Hutchison III CA et al. (2016) Design and synthesis of a minimal bacterial genome. Science 351(6280): aad6253-1. DOI: 10.1126/science.aad6253
Science has a summary here but it’s worth reading the whole paper. Syn 3.0 itself is pretty impressive, but what’s even more impressive is the approach taken to make it. In addition to using current knowledge of fundamental biological machinery, the Venter group used large-scale transposon mutagenesis and selection to identify additional genes that were either essential (i.e. no growth without them) or “quasi-essential”, where removal resulted in a major growth deficit.
They also had to overcome the problem of redundancy: even in a genome as reduced as the Mycoplasma species, there can sometimes be multiple genes that do the same thing. Removing one makes little difference but removing both is lethal - something hard to identify when knocking out single genes at a time. Whatever the Intelligent Design crowd would like to believe, biology is messy.
Of course, Syn 3.0 is just the start, as the goal was making a “minimal cell”:
“A minimal cell is usually defined as a cell in which all genes are essential. This definition is incomplete, because the genetic requirements for survival, and therefore the minimal genome size, depend on the environment in which the cell is grown. The work described here has been conducted in medium that supplies virtually all the small molecules required for life. A minimal genome determined under such permissive conditions should reveal a core set of environment-independent functions that are necessary and sufficient for life. Under less permissive conditions, we expect that additional genes will be required.”
Robust life will therefore need a lot more genes. It will be interesting to see how many are required for autotrophy - life that needs only inorganic chemicals and an energy source.
Even within the “minimal cell” concept, Syn 3.0 represents a somewhat arbitrary end-point. In identifying the “quasi-essential” genes, a judgement had to be made regarding what constitutes an acceptable growth rate*. Whittling down to 473 genes is impressive, but this number could no doubt be even smaller if slower growth rates were accepted. (Modern life is in competition with lots of other highly evolved organisms. Early life would have been able to get by with much lower growth rates, so this is not a “minimal cell” in that context.)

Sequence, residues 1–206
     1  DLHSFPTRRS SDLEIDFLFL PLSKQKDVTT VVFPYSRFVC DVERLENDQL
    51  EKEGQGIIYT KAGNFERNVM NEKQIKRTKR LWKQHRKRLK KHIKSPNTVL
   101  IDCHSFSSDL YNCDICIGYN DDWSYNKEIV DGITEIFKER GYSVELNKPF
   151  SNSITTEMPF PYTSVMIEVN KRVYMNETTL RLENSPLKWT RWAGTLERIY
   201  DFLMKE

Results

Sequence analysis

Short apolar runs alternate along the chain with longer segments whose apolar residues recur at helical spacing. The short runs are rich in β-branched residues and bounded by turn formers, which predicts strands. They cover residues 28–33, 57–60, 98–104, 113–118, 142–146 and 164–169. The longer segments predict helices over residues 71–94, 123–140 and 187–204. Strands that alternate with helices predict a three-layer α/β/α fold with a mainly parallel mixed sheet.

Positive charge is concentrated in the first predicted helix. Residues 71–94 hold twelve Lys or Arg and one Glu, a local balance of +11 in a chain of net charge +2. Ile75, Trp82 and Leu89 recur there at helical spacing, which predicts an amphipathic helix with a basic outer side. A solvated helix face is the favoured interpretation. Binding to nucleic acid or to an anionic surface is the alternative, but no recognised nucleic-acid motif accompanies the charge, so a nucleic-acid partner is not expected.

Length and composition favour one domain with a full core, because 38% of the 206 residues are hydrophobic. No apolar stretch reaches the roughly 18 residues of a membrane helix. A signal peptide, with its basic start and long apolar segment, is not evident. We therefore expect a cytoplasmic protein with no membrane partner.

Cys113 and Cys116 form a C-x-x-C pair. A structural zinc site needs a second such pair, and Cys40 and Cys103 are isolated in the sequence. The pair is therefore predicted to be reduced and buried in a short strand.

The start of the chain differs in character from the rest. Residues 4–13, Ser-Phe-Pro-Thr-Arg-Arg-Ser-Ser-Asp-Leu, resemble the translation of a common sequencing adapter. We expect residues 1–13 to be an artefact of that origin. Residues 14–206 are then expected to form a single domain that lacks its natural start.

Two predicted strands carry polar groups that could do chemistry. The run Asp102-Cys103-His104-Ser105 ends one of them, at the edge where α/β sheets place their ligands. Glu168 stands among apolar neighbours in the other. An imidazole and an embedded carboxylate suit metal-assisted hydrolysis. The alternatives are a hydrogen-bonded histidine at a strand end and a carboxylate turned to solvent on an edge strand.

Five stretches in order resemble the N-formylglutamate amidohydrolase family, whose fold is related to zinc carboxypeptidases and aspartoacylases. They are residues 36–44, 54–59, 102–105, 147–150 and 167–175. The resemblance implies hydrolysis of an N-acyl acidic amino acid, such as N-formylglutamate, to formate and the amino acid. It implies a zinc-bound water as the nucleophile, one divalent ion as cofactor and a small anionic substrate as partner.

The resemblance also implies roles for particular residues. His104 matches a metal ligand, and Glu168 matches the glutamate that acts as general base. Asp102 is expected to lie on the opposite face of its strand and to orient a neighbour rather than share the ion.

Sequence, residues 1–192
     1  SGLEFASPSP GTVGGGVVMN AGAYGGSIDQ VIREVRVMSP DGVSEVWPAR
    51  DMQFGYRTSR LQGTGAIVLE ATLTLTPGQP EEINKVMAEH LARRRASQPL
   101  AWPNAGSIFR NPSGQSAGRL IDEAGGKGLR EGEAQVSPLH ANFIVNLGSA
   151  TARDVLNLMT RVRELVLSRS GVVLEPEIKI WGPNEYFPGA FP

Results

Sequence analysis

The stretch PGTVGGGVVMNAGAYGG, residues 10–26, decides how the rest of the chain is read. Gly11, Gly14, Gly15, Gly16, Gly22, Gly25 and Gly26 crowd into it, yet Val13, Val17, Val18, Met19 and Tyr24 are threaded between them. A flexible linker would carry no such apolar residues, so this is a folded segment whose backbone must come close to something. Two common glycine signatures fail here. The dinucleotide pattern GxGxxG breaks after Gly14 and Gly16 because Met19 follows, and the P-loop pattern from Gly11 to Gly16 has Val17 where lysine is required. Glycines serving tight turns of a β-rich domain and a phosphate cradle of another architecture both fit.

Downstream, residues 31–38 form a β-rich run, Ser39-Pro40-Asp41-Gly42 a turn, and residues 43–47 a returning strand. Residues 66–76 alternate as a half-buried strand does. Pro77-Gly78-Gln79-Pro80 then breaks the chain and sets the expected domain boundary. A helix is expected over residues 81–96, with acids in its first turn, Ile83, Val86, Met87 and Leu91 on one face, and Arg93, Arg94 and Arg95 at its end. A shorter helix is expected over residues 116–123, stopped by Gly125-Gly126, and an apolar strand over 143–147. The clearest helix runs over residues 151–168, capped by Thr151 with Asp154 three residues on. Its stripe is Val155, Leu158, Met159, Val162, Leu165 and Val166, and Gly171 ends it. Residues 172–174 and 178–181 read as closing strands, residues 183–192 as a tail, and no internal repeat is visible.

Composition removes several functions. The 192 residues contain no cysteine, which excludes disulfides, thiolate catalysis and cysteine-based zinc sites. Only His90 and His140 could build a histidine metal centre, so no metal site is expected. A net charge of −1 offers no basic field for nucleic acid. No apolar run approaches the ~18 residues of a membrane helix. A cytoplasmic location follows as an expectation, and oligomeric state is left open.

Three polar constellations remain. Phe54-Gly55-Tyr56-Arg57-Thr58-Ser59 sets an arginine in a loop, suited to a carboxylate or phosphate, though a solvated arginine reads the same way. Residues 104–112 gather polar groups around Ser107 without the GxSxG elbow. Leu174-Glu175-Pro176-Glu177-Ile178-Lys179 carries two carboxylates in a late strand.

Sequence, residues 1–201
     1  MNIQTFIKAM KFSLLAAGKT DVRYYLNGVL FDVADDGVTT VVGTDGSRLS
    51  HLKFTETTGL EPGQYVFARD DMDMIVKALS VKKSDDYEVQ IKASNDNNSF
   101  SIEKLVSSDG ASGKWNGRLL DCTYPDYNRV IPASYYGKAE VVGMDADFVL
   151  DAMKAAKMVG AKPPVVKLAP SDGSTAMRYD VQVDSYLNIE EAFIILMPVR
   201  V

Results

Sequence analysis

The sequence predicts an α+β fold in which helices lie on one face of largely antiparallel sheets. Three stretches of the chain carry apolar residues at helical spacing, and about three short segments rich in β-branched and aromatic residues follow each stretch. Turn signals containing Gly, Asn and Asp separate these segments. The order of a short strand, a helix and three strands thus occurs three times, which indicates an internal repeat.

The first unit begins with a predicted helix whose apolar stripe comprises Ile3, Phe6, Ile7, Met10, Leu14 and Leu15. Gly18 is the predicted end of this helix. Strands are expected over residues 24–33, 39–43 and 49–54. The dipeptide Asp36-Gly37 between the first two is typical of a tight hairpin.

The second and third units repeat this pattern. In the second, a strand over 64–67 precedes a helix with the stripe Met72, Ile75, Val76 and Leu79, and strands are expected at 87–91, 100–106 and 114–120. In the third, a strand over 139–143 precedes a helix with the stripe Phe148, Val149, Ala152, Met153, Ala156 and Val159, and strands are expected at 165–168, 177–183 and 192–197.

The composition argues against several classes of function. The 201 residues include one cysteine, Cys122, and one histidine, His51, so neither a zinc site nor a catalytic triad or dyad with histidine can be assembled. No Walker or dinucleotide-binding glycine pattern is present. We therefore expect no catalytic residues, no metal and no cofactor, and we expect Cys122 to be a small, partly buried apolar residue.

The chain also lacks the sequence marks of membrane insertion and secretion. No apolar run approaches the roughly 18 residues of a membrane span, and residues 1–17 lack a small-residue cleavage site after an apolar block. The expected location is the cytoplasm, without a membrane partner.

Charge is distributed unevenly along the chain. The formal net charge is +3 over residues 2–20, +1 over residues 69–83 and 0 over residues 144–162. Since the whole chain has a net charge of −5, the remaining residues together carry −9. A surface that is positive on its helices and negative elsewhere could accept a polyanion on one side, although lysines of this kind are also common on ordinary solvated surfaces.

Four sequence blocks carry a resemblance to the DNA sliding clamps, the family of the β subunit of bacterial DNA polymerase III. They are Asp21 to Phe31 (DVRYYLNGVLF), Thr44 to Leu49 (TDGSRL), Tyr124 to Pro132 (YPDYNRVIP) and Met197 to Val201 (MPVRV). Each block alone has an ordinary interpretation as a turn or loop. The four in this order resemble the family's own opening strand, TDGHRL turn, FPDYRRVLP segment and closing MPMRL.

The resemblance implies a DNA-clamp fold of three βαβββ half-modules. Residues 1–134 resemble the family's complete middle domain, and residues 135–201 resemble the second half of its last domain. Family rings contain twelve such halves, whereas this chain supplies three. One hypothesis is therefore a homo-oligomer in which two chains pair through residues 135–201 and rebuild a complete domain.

There is also a lot of exciting potential ahead for manually reducing the number of genes by true intelligent design. Fusing interacting gene products together, for example, might eliminate the need for so many genes contributing to core processes. (Looking for apparent protein fusion/fission events in evolution is a reasonably successful method for predicting protein-protein interactions.) With time, we might be able to “wind back the clock” and remove some of the unnecessary complexity that has probably crept into the system due to the underlying evolutionary process.
I also wonder how many of the current crop of genes of unknown function - a surprising 149 genes - can be replaced over time with genes of known function. (In other words, how many of them represent convergent evolution of functions we already know about but are not recognisable.) And how many of the rest are genome-/condition-specific?
Like all of the best science, this work opens the door to more questions than it answers! Some exciting times ahead, I think.
[*The important but oft-overlooked concept that any assessment of life is context- and environment-dependent exposes another flaw with Intelligent Design as a testable hypothesis: designed to do what? To assess how well-designed something is, one needs to know its purpose and/or the acceptable design traits. To hide from the fact that Intelligent Design is Creationism, supporters often make the argument that the identity of the designer (Creator) is not important - but without knowledge of the designer, how can one predict the motivation behind the design?]